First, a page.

It may not be where you thought.
According to the Ministry of Economics, Trade and Industry, factory and workshops have been closing down fastest in the Tokyo Metropolitan District. In between the end of the year 2000 and the end of 2005, an incredible 28.0% of all TMD factories and workshops (fabrication facilities employing fewer than 3 persons) closed their doors.
During that same period of time, the population of the TMD grew 4.2%--more half a million persons.
A lot of service jobs opening up in Tokyo, it seems.
Other prefectures with significant percentage losses over the end 2000 - end 2005 period include:
Gifu - 23.7%
Nara - 23.5%
Osaka - 23.4%
Interesting in the above map is the position of Aichi among the top ranks of prefectures in terms of percentage of closures. If any part of Japan could preserve the many-layered pyramid of suppliers and sub-contractors, one would think it would be the home of Toyota Motors.
Also interesting are the contrasting fates of the Chūgoku Region and Shikoku. In Shikoku, manufacturing has basically collapsed. In the Chūgoku is has stayed relatively steady (let me be the first to say that the Nikkei's scaling is damn suspicious). If the graph is not entirely misleading, one might hazard a guess that exports to China have something to do with the relatively better survival rates of the Chūgoku region factories.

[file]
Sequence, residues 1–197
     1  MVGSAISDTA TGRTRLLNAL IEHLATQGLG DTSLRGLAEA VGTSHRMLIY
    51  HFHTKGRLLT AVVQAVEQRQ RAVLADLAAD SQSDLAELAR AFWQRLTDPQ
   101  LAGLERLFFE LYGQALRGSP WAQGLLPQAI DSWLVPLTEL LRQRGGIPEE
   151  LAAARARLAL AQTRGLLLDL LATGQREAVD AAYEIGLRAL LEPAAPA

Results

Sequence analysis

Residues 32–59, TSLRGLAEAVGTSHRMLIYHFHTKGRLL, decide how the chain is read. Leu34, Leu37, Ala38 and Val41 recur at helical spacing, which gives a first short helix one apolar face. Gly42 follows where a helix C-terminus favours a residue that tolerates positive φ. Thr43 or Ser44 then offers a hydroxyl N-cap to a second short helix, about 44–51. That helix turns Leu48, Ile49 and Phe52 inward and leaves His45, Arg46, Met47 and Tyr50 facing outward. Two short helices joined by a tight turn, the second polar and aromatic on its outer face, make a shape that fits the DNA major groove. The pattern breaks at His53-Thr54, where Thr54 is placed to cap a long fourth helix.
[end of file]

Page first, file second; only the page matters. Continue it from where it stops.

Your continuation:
Another general rule--if you were an economic basket case to begin with, you did not lose nearly as many factories percentage-wise (yes, I'm talking about you, Hokkaidō)--unless your name is Akita, the prefecture with the highest suicide rates of all Japan.
Shizuoka's stability is understandable, given its role as the Tokaidō's industrial underbelly.
Shiga's is an untold story. The prefecture is doing something right--aside from the southern Kantō, Aichi, Fukuoka and those happy breeders down in Okinawa, Shiga is the only prefecture that has been consistently gaining population. It is also holding on to its factories.
Whatever romantic notions one may hold of Japan's true economic strengths, the country sure as heck was not clinging to a monozukuri culture during the Koizumi years. Indeed in general, the healthier the economy of a prefecture, the faster it was disposing of its factories.
The Nikkei's choice of subject and time frame is somewhat amusing. On the very same day, METI released figures showing that for the first time in 15 years total employment in manufacturing grew year-to-year in 2006.
Ken Worsley over at Japan Economy & News Blog has already offered his take on the 2006 numbers.